When John Denver wrote his famous country music song Leaving on a Jet Plane, he meant it as a nostalgic goodbye to a loved one. But my preflight departure process at home (not at the airport, if I may emphasise) is nothing remotely nostalgic - in fact, it is full of tension, bordering on panic.
In today's globalised world, it is a common occurrence for people working abroad - yours truly included - to regularly visit their loved ones back home. Even after dozens of such visits, spread over two decades, the events leading up to the time of departure remain stressfully the same.
Forty-eight hours before departure begins the official count-down. While my parents are exclaiming, "Is it already time for you all to leave?!" I am busy finding floor space for our many suitcases to be placed, open and ready to receive the plethora of items that will certainly arrive. As the starting point, my family starts throwing in a bewildering array of 'local' stuff that they have aggressively acquired over the past few weeks.
The clock is slowly winding down to the twenty-four-hour mark. Frantic efforts are underway to identify and take corrective action on missed meetings with a host of friends and relatives - through phone calls and lunch/dinner meetings, fit to put to shame itineraries of visiting dignitaries and heads of state. Each such meeting, of course, results in additional goods for packing, either for us or for a random set of strangers merely on the basis that they live in the same continent that we are returning to.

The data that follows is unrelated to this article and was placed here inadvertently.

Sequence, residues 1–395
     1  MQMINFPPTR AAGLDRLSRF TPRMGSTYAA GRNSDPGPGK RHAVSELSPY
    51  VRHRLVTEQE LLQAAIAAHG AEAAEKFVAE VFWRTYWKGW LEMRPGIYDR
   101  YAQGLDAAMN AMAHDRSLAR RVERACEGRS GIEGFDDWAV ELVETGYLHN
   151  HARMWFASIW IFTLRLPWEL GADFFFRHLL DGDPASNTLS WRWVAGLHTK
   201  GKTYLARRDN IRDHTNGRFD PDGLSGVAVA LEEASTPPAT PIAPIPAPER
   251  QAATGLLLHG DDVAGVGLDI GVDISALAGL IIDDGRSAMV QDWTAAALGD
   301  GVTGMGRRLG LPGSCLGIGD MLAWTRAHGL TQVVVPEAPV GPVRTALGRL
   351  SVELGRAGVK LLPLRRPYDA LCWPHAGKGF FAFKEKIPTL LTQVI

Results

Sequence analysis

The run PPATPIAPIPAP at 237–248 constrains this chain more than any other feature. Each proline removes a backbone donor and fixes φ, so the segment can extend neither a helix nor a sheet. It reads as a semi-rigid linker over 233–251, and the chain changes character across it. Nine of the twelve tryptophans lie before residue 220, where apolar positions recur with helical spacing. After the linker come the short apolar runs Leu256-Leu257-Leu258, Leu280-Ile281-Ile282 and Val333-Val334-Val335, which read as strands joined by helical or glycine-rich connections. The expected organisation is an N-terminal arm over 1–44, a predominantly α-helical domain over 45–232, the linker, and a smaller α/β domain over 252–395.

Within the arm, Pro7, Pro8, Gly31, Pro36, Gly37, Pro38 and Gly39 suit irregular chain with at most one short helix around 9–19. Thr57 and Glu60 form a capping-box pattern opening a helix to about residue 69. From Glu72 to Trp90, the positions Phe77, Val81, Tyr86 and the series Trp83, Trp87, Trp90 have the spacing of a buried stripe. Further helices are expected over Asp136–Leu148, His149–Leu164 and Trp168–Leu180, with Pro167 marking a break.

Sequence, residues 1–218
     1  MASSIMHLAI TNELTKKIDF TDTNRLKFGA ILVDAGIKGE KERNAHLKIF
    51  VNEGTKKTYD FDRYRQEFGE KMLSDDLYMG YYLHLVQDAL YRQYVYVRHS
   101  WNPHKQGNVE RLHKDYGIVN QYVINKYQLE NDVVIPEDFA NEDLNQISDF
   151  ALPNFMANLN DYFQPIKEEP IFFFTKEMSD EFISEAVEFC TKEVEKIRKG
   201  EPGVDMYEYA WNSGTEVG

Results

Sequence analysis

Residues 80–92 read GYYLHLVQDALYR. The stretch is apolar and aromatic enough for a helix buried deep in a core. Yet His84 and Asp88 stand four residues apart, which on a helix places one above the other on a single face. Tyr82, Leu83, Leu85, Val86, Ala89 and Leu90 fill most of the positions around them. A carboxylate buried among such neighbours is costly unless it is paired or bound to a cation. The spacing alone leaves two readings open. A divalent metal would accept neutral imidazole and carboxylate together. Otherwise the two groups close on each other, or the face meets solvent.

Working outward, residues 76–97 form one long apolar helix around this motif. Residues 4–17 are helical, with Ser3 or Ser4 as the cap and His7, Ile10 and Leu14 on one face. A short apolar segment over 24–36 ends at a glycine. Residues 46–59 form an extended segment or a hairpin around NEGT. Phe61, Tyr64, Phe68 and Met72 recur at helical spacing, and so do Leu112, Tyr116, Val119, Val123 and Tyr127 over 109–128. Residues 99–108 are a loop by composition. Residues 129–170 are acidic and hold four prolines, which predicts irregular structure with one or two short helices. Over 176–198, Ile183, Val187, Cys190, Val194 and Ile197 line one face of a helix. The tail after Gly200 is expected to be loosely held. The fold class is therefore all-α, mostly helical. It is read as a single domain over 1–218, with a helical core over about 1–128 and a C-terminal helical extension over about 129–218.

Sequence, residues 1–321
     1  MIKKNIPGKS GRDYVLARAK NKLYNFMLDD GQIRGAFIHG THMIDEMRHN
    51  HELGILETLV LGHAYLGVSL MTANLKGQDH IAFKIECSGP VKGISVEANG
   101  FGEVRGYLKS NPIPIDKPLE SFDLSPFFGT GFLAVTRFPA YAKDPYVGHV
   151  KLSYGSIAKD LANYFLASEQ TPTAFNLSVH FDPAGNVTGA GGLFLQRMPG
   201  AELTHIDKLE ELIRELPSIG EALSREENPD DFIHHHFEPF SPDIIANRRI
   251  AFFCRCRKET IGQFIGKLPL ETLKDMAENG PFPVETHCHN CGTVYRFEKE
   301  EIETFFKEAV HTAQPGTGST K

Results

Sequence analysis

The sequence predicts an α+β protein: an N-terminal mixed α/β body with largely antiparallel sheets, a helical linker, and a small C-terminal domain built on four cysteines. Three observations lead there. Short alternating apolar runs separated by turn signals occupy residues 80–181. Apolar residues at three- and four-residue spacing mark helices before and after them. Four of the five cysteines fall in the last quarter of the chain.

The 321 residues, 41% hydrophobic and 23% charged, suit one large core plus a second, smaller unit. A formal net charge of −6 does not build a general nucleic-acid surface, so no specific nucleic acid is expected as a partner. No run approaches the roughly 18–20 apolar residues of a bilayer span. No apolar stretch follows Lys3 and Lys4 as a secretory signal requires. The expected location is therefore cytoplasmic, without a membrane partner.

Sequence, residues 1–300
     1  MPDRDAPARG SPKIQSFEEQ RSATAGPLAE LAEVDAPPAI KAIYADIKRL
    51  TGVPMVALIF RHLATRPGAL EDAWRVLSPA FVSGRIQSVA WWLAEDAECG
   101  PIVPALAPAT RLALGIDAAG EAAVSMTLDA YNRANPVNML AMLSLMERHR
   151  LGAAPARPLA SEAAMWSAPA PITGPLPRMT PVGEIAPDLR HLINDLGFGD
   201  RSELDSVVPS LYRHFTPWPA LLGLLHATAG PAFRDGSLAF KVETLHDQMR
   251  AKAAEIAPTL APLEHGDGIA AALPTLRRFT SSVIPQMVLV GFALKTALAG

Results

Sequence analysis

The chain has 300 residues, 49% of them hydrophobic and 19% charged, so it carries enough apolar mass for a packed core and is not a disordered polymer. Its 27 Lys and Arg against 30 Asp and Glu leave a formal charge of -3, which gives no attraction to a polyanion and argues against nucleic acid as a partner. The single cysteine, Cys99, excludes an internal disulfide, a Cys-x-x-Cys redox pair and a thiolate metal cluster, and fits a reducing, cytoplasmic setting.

It is now a mere twelve hours to H-Hour (since international flight departures are invariably at the ungodly, wee hours of the morning, there are only a few hours of civilised time left) and it is crunch time. Our house is like a mini airport departure lounge with unknown people saying their goodbyes and wishing us happy journey's.
I am struggling to close suitcases, after distributing contents with an eye for balancing weights based on my long-forgotten principles of Physics involving mass, density and volume - even as more items of food are brought from the kitchen. It would appear that I am carrying enough raw material to feed an entire army.
It is time to leave home for the airport and, as is the norm, the taxi has not arrived. After several calls to his mobile phone, the driver is traced to a nearby street address where he has been wrongly dispatched by his cab company. As I load my overweight suitcases into the cab, I am perspiring like a man in a sauna. My parents expectantly ask, "When are you coming again?" to which I stoically respond, "Soon!"